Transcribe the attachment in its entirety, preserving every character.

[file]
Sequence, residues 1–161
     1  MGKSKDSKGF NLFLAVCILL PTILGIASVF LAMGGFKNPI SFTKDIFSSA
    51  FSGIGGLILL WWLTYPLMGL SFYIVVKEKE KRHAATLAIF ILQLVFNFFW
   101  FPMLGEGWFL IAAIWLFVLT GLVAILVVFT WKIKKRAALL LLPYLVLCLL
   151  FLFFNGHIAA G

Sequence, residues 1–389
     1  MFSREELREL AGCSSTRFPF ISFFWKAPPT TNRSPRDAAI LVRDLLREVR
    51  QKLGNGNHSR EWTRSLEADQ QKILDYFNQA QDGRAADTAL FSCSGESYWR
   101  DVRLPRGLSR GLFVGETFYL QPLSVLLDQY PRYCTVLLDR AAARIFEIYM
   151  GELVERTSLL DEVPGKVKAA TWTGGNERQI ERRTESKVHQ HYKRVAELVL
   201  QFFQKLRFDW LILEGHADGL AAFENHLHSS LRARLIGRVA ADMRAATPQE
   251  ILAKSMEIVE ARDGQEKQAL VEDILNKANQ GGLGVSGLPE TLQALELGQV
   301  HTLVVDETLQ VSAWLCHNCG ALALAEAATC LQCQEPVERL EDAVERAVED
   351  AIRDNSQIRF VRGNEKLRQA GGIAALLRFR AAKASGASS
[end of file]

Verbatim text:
Sequence, residues 1–161
     1  MGKSKDSKGF NLFLAVCILL PTILGIASVF LAMGGFKNPI SFTKDIFSSA
    51  FSGIGGLILL WWLTYPLMGL SFYIVVKEKE KRHAATLAIF ILQLVFNFFW
   101  FPMLGEGWFL IAAIWLFVLT GLVAILVVFT WKIKKRAALL LLPYLVLCLL
   151  FLFFNGHIAA G

Sequence, residues 1–389
     1  MFSREELREL AGCSSTRFPF ISFFWKAPPT TNRSPRDAAI LVRDLLREVR
    51  QKLGNGNHSR EWTRSLEADQ QKILDYFNQA QDGRAADTAL FSCSGESYWR
   101  DVRLPRGLSR GLFVGETFYL QPLSVLLDQY PRYCTVLLDR AAARIFEIYM
   151  GELVERTSLL DEVPGKVKAA TWTGGNERQI ERRTESKVHQ HYKRVAELVL
   201  QFFQKLRFDW LILEGHADGL AAFENHLHSS LRARLIGRVA ADMRAATPQE
   251  ILAKSMEIVE ARDGQEKQAL VEDILNKANQ GGLGVSGLPE TLQALELGQV
   301  HTLVVDETLQ VSAWLCHNCG ALALAEAATC LQCQEPVERL EDAVERAVED
   351  AIRDNSQIRF VRGNEKLRQA GGIAALLRFR AAKASGASS